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Healthcare Decision Making

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Presentation on theme: "Healthcare Decision Making"— Presentation transcript:

1 Healthcare Decision Making
Photo credit: Nursing Standard of Practice Protocol Cheryl Howard ~ March 2012 Ferris State University ~ NURS 314 Gerontological Nursing

2 Overview Core ethical principles for clinicians are respect for autonomy, beneficence, nonmaleficence and justice. Care professionals have an obligation to be alert for questionable or fluctuating healthcare decision making capacity. Careful balancing of information, principles, rights and responsibilities is required in order to make clinically, legally, and ethically valid decisions. (Mitty & Post, 2008)

3 Decision Making Concepts
People with decisional capacity have a RIGHT to determine what is done to their bodies. AUTONOMY is exercised in the process of informed consent (or refusal) of treatment and care planning. Determining decision making capacity is VITAL because interventions have potential for benefit/risk. Capable patients are RESPECTED when their decisions are honored; ABANDONMENT occurs when incapacitated patients’ wishes are honored. (Mitty & Post, 2008)

4 Definition of Decisional Capacity
Decisional capacity: a clinical determination that an individual has the ability to understand the consequences for health decisions and that they are able to make and take responsibility for those decisions. Patients may have the ability to make some decisions but not others Decision making capacity may fluctuate according to factors such as clinical condition, time of day, medications, comfort and psychological status. Delegation of decisional authority cannot be inferred & must be explicitly confirmed. (Mitty & Post, 2008)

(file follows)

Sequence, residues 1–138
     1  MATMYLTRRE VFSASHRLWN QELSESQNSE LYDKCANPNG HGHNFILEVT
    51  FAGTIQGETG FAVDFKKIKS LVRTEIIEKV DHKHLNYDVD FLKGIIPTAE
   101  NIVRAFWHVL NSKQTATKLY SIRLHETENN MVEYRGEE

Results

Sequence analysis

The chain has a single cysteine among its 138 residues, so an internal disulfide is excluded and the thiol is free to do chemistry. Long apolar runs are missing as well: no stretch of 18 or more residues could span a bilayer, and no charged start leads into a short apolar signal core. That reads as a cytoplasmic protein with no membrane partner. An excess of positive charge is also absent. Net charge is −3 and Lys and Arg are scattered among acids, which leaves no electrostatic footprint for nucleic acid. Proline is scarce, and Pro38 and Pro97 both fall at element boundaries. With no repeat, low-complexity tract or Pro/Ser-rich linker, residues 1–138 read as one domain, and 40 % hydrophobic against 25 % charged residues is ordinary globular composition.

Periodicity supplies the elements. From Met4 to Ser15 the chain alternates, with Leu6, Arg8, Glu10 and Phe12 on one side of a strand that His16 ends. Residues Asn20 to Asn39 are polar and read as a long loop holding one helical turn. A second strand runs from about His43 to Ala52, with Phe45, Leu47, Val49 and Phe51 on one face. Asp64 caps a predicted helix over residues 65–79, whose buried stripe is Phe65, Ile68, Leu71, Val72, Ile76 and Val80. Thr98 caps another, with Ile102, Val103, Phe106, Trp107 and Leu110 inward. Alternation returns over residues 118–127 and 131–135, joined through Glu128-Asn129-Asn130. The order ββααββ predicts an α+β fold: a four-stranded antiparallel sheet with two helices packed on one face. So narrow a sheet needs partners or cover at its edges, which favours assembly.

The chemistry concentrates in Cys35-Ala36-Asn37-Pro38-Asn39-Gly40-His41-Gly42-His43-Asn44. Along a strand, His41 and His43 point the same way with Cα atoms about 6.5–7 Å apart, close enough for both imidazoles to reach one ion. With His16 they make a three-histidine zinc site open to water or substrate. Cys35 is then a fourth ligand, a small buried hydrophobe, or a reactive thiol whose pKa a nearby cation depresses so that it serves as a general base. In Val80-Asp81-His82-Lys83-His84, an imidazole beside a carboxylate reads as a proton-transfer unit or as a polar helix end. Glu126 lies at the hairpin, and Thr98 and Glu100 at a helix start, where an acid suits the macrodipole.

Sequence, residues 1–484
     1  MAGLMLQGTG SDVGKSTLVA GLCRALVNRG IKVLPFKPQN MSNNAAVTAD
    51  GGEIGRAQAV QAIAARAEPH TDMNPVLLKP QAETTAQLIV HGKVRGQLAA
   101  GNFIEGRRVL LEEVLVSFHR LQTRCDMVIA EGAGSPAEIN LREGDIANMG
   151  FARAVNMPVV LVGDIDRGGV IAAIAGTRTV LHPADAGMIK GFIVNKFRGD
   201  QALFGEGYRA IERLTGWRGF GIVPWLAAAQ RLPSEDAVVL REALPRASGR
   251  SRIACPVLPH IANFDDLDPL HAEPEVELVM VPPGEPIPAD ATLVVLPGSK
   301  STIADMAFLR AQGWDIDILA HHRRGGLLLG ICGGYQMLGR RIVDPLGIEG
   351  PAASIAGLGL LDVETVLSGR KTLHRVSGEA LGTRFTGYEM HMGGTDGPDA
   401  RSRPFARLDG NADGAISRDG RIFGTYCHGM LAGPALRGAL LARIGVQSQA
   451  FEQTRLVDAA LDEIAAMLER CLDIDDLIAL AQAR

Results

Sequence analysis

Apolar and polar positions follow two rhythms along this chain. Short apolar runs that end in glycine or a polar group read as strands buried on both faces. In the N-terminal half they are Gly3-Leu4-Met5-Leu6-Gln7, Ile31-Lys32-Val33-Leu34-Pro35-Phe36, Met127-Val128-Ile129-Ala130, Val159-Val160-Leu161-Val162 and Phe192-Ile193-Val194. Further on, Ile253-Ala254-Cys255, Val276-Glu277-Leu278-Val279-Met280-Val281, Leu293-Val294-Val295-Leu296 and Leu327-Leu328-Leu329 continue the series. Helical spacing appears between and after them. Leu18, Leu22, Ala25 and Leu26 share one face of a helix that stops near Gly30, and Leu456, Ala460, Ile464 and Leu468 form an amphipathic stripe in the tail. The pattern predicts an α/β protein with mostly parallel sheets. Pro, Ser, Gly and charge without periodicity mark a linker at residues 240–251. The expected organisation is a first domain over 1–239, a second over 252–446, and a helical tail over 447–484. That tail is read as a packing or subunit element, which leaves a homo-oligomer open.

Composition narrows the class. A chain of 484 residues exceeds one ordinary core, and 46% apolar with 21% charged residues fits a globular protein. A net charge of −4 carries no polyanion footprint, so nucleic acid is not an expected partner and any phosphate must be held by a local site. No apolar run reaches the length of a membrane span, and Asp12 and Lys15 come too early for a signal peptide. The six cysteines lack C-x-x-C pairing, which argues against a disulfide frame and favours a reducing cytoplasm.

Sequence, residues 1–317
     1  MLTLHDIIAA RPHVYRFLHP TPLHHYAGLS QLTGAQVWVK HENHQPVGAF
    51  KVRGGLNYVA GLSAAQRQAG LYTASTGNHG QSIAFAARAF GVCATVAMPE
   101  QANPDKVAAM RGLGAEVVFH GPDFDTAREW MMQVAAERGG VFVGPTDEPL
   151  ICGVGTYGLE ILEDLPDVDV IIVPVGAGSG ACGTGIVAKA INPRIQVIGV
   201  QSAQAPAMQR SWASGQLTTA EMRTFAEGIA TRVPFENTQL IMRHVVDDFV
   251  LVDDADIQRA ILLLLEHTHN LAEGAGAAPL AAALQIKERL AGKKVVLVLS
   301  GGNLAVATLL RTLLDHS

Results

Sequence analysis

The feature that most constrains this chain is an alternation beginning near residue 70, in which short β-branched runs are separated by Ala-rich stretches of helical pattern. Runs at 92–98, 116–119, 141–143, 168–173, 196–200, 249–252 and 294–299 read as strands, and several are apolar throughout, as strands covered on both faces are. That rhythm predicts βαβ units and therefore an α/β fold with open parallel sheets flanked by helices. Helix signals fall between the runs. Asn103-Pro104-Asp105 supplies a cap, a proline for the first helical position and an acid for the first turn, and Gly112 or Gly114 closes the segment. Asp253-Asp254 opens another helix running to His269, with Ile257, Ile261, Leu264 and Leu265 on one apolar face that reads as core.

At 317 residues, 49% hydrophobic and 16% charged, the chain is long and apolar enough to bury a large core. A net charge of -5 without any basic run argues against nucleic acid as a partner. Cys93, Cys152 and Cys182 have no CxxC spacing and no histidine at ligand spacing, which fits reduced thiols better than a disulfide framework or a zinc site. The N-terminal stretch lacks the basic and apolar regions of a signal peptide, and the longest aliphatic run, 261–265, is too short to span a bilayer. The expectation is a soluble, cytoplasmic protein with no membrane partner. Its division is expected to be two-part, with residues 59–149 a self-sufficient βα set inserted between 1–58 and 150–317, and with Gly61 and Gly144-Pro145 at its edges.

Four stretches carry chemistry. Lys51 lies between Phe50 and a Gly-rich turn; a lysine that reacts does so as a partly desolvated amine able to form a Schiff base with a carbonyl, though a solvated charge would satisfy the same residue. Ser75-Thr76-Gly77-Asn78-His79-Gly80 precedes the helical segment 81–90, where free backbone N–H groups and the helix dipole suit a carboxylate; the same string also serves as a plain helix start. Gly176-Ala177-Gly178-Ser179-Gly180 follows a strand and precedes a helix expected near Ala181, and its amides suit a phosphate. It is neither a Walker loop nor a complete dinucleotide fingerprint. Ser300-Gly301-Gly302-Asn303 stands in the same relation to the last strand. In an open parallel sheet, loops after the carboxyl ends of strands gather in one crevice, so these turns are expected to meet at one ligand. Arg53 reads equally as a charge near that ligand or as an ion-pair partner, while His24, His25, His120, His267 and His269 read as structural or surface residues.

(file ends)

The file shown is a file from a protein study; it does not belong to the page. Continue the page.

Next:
5 Other Important Definitions
Consent: requires evidence of decisional capacity. Consent or refusal of intervention is based on disclosure, understanding, voluntary choice of options. Competence: legal presumption of mental ability to negotiate legal tasks such as enter into contracts, make a will, etc. Incompetence: judicial determination that a person is not able to negotiate legal tasks and should be prevented from doing so. (Mitty & Post, 2008)

6 Standards of Decision Making
Prior explicit articulation – decision based on previous expression of a capable person’s wishes Oral or written comments or instructions Substituted judgment – decision by others based on formerly capable person’s wishes Can be inferred from prior behaviors or decisions Best interested standard – decision based on what others judge to be in the best interest of a person ONLY if this person never made known health care wishes and whose preferences cannot be inferred. (Mitty & Post, 2008)

7 Nursing Care Strategies
Communicate with patient, family or surrogate decision maker to enhance understanding of treatment options. Be sensitive to racial, ethnic, religious & cultural beliefs and traditions. Be aware of available conflict resolution support systems in your health care organization. Help the patient identify who should participate in treatment discussions and decisions (Mitty & Post, 2008)

8 Nursing Care Strategies continued
Help the patient express what they understand about the clinical situation & outcome expectation. Select (or construct) appropriate decision making aids. Observe and document specific times of confusion, lucidity, and mental state in day, evening & night. Observe, document & report patients ability to: Articulate needs & preferences Follow directions Communicate consistent care wishes Make simple choices “Do you prefer juice or water?” (Mitty & Post, 2008)

9 Nursing Care Strategies continued